We all know that in Tolkien's legendarium, the world was created flat. Valinor lay on the western edge. The sun and the moon were created long after the world, and flew across the sky every day. In the Second Age, that changed - the world was made round at the fall of Numenor, and Valinor was removed from the sphere. In essence, our own Earth was created.
Except that's backwards.
The Lord of the Rings - the only work on Middle-earth to be published in Tolkien's lifetime (other than The Hobbit, and we'll come back to that) - features several references to the time before the rising of the sun - a time when, according to our understanding, the world was well and truly flat, with no natural light other than the stars.
The world was young, the mountains green,
No stain yet on the Moon was seen,
No words were laid on stream or stone
When Durin woke and walked alone.
We know that the Dwarves were created long before the Elves awoke, but put to sleep so that the Eldar would still be the Firstborn. We also know that they were awake before the sun rose - Eol of Nan Elmoth was friendly with them, and their halls in the Ered Luin were deep and ancient.
So the statement that 'no stain yet on the Moon was seen' makes no sense. Of course there were no stains on the Moon - it was thousands of years away from being created! Furthermore, the mountains shouldn't have been 'green' - the plant-life of Middle-earth was hibernating in anticipation of the Sun.
But okay, that's a Dwarven folk-song. Gimli wasn't around back then, and it's not like we have anyone who actually was to listen to. Is it?
Ere iron was found or tree was hewn,
When young was mountain under moon;
Ere ring was made, or wrought was woe,
It walked the forests long ago.
That's Gandalf singing - and he's a Maia, he was there. Before ever ironworking or even fire were discovered - and the dwarves are fond of both - the Ents were awake - 'when young was mountain under moon'.
It is unambiguous, then, that in the text of The Lord of the Rings, the Moon existed long before the Two Trees died. Since there is no other account of it being created, we have to assume it was part of the first creation - that it's an orbiting rock, and that strongly implies a spherical earth.
But that's not all. Several times during The Lord of the Rings, Legolas performs feats which should be impossible.
It seemed to Legolas, as he strained his farseeing eyes, that he caught a glint of white: far away perchance the sun twinkled on a pinnacle of the Tower of Guard. And further still, endlessly remote and yet a present threat, there was a tiny tongue of flame.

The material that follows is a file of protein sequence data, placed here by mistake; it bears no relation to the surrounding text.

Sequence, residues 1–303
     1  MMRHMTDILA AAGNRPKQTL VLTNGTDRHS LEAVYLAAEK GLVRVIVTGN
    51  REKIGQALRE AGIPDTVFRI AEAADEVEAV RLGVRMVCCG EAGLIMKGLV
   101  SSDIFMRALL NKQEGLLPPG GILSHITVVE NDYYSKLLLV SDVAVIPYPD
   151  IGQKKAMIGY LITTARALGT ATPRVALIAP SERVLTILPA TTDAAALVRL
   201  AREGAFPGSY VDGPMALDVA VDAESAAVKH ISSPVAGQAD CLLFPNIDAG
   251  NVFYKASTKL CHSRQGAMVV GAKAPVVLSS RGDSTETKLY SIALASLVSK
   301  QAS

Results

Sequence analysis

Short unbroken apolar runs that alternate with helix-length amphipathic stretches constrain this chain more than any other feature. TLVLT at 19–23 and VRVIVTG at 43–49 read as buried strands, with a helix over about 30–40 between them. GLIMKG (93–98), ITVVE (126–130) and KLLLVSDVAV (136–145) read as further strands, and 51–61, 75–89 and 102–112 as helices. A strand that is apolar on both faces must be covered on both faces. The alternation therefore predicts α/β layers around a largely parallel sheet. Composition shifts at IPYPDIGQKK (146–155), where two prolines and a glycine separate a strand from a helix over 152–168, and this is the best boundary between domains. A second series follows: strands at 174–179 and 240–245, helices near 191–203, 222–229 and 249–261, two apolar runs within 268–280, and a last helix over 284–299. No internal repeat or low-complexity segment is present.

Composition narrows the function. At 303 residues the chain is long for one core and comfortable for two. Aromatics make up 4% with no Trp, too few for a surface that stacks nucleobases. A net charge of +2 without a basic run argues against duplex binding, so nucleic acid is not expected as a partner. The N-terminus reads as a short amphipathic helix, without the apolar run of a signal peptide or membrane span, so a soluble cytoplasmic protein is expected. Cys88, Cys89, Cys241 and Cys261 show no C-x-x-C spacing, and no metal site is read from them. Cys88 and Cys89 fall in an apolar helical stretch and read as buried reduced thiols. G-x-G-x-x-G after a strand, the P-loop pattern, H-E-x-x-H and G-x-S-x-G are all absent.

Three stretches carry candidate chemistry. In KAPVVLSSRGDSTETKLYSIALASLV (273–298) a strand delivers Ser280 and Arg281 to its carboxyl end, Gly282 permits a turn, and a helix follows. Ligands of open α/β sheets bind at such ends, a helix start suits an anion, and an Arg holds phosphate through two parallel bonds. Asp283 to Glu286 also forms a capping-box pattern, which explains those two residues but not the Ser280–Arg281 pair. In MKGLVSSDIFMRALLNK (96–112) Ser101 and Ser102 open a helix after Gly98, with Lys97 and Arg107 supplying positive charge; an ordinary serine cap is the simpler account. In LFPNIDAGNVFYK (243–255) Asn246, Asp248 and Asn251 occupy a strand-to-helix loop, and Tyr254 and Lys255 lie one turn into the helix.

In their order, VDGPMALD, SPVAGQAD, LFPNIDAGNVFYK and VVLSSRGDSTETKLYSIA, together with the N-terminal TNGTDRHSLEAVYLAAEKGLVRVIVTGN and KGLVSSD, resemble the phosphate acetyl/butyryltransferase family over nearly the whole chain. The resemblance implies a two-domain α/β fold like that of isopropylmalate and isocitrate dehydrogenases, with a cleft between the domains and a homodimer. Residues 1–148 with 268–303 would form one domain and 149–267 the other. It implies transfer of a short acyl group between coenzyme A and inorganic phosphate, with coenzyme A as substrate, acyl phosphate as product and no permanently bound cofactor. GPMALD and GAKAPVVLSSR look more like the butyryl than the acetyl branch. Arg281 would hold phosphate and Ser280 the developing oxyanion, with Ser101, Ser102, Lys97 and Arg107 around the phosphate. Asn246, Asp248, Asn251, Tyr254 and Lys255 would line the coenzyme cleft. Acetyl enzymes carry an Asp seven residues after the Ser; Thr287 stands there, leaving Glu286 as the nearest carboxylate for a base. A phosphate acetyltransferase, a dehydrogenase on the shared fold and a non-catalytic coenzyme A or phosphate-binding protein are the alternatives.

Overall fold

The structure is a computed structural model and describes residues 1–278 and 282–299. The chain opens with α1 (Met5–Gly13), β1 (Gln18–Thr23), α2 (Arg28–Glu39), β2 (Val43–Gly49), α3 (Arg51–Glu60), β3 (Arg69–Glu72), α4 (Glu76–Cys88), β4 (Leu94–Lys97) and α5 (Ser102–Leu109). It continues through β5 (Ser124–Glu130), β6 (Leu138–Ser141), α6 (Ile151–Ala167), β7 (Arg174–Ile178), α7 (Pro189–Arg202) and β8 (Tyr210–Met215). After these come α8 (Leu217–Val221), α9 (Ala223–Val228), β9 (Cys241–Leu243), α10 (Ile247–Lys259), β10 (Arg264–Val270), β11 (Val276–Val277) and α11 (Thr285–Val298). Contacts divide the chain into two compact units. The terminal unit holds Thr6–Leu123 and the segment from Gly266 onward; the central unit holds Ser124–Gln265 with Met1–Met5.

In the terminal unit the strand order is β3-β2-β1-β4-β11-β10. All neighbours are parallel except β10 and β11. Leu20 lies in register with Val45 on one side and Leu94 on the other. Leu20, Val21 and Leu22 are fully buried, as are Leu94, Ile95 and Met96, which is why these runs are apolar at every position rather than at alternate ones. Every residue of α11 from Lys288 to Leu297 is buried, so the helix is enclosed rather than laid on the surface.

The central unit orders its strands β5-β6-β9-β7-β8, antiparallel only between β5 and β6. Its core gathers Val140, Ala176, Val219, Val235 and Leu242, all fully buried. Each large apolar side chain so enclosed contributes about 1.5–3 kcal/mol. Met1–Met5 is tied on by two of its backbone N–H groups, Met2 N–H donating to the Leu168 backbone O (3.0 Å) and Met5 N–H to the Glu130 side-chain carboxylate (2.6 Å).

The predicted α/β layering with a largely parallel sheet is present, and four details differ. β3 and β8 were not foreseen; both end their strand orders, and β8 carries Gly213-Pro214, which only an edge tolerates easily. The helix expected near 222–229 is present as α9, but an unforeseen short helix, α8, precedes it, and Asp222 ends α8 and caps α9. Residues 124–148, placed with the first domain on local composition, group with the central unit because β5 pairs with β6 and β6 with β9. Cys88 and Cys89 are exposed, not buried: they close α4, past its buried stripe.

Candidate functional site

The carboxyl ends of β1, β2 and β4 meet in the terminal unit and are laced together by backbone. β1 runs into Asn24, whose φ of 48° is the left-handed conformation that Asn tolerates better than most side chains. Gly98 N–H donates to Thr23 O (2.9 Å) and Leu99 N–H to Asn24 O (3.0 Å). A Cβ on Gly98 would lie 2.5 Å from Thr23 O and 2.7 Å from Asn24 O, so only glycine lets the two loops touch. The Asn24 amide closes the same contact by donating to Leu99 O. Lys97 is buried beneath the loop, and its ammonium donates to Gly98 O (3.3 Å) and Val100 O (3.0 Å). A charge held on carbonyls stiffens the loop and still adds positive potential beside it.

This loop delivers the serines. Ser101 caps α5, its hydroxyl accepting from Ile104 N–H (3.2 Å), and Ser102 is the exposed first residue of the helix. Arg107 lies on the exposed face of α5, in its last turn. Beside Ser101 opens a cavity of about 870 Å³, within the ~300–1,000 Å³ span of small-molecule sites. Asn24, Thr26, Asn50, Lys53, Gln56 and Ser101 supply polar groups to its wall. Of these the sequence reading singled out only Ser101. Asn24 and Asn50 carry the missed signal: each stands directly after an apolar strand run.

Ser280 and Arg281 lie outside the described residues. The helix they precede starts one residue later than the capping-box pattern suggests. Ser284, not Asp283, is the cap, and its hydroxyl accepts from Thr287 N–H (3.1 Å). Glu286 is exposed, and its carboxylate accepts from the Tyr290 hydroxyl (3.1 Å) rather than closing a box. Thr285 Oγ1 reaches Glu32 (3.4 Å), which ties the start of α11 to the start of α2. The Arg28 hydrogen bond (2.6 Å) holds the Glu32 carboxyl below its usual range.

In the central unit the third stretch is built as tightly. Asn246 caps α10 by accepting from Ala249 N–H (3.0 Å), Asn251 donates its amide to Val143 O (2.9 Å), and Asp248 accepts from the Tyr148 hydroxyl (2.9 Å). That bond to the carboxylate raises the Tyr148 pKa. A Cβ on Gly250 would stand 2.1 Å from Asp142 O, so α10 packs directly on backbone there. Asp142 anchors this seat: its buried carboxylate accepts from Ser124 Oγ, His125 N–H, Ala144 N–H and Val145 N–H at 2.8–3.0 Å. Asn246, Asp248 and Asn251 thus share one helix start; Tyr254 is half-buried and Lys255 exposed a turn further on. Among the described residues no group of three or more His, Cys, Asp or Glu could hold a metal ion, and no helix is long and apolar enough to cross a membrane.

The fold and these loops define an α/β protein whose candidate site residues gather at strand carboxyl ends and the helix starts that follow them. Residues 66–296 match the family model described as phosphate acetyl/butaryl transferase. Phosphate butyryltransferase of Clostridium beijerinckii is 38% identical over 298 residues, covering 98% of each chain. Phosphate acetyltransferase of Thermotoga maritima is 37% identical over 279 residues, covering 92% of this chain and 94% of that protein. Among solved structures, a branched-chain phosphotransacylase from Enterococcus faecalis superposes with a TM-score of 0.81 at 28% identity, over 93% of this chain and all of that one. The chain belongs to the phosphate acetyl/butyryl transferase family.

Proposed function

Legolas is standing in Edoras, in western Rohan, and seeing the fires of Orodruin in Mordor. That's a distance of some 400 miles. For a 7-foot Legolas at sea level on a spherical planet, that would require Orodruin to be over 1700 miles high. The only way to make the numbers work is to have both the summit of Orodruin and the city of Edoras at the same altitude as the peak of Mount Everest - and even then, it's only barely possible. Of course, in that situation, Legolas would have other things to worry about, such as the lack of oxygen.
(Horizon distance is calculated as d ~ 1.22 x sqrt(h), where d is in miles and h in feet. At 29,000 feet, this distance is 207 miles. Observers atop Everest!Edoras and Everest!Orodruin would share line of sight on a point somewhere in the Nindalf, and thus would be able to see each other in a straight line. Except that they would both be asphyxiating)
How can we explain this? Does elven sight see round corners? Is the world of Arda much larger than our Earth? Or is the world, in fact, flat, giving a near-infinite horizon distance? It seems the only possible conclusion.
So Iluvatar made a spherical world, with its own sun and moon. Then, when Numenor rebelled, the world was 'made round' - circular, flat - to ensure the descendents of Numenor didn't get any more bright ideas... like, say, the notion of an orbit.
"Yes," said Legolas, "there are one hundred and five. Yellow is their hair, and bright are their spears. Their leader is very tall."
Aragorn smiled. "Keen are the eyes of the Elves," he said.
"Nay! The riders are little more than five leagues distant." - The Two Towers